It signals that they have graduated from the birth and growing pains of a boot-strapped start-up, and are now fully on their way to maturing into a well-oiled machine.
If you are a potential buyer of the company, this is the ideal sweet spot to be in. You don’t want to have to slog through tedious drudge work to get the company up and running. That work has already been done by the previous owner.
Businesses Who Employ Staff Are Less Owner-Dependent
Businesses which are affluent enough to afford staff are less dependent on their owners working there. Of course the owners should be there in a management / supervisory capacity, but overall the day-to-day operations are not totally reliant on the owner’s presence.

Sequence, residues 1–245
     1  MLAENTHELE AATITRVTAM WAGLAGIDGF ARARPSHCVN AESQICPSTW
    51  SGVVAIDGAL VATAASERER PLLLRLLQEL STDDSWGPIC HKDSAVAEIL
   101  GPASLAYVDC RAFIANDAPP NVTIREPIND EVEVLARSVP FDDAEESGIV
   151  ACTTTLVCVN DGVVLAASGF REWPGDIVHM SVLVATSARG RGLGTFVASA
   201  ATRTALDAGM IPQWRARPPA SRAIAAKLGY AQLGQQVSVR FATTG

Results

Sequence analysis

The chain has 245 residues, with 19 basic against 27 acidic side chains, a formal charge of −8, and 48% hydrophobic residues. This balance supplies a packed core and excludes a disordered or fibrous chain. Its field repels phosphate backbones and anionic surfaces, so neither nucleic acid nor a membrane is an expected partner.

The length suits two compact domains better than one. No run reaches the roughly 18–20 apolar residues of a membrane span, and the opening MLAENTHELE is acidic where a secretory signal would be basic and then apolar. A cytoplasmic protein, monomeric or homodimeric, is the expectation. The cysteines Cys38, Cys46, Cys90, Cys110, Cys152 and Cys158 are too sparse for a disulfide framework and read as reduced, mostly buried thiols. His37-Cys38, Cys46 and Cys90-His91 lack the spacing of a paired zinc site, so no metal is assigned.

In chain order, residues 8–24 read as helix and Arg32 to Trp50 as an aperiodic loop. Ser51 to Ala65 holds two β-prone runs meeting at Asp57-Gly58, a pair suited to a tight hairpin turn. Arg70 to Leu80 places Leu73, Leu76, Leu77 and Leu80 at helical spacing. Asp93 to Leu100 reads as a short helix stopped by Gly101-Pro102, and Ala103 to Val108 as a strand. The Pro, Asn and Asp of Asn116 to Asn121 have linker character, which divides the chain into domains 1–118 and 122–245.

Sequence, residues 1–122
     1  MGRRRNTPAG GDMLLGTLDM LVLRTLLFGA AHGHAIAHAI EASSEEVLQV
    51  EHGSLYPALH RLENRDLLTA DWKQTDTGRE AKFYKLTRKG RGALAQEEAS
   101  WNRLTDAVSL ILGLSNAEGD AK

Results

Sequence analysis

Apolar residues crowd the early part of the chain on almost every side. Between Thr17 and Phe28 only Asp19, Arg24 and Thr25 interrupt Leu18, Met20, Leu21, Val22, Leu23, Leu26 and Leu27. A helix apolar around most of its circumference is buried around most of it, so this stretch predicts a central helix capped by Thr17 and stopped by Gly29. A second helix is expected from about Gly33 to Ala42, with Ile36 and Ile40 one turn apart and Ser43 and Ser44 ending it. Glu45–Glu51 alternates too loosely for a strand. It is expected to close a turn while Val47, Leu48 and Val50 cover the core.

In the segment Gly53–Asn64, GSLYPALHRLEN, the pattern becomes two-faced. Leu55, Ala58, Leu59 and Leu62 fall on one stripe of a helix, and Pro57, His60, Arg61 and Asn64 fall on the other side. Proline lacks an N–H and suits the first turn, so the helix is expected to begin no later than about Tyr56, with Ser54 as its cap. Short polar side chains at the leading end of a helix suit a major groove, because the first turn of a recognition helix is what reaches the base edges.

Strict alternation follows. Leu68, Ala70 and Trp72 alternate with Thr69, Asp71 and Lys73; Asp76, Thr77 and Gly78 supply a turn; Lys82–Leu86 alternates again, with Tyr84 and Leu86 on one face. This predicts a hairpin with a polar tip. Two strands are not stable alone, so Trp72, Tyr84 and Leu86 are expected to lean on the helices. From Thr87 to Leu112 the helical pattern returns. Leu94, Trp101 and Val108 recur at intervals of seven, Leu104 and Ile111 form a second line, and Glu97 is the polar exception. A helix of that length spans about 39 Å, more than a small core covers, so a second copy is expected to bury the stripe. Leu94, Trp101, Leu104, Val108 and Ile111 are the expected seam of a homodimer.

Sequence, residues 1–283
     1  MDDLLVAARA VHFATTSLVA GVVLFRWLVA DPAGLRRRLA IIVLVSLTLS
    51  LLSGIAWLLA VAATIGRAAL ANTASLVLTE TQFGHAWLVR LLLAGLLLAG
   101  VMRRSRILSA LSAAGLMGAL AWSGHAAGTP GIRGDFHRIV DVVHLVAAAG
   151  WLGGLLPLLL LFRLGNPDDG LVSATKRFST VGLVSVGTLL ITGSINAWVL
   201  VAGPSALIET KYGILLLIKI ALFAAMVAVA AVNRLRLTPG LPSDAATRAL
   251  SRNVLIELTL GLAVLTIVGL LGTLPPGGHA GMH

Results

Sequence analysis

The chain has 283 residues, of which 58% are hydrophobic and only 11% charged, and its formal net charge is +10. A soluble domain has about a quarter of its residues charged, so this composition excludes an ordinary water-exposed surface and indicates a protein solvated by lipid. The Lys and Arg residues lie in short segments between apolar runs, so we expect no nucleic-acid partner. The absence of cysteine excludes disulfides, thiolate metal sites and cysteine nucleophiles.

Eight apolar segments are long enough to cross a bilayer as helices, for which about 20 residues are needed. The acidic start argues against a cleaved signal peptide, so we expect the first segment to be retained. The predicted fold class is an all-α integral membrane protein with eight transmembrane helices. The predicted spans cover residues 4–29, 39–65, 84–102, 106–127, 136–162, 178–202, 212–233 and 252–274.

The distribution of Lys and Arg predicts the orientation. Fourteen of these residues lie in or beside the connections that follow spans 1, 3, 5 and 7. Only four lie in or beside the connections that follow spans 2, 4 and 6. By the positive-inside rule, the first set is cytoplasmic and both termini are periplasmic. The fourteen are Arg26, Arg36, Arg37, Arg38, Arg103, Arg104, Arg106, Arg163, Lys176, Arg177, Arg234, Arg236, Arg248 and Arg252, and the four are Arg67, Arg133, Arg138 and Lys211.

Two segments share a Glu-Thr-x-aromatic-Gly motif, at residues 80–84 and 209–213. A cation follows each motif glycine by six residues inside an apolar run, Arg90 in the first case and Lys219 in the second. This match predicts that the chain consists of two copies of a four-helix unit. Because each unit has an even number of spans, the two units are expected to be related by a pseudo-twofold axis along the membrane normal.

This is the ideal business model for a new owner. You want to be able to come in on day one and start recouping your investment with interest. If the company is already humming with staff, then your workload requirements will be less. Adopt a hands-off approach and let them get on with things. They know what they are doing.
Buying a business which is less owner-dependent also means that you don’t have to learn a lot from the outgoing owners on how to run the company. Your employees are already doing various tasks for you.
Due Diligence Items for a Business With Staff
Here on the Quiet Light blog, we have already discussed why doing due diligence is extremely important after making an offer on a business.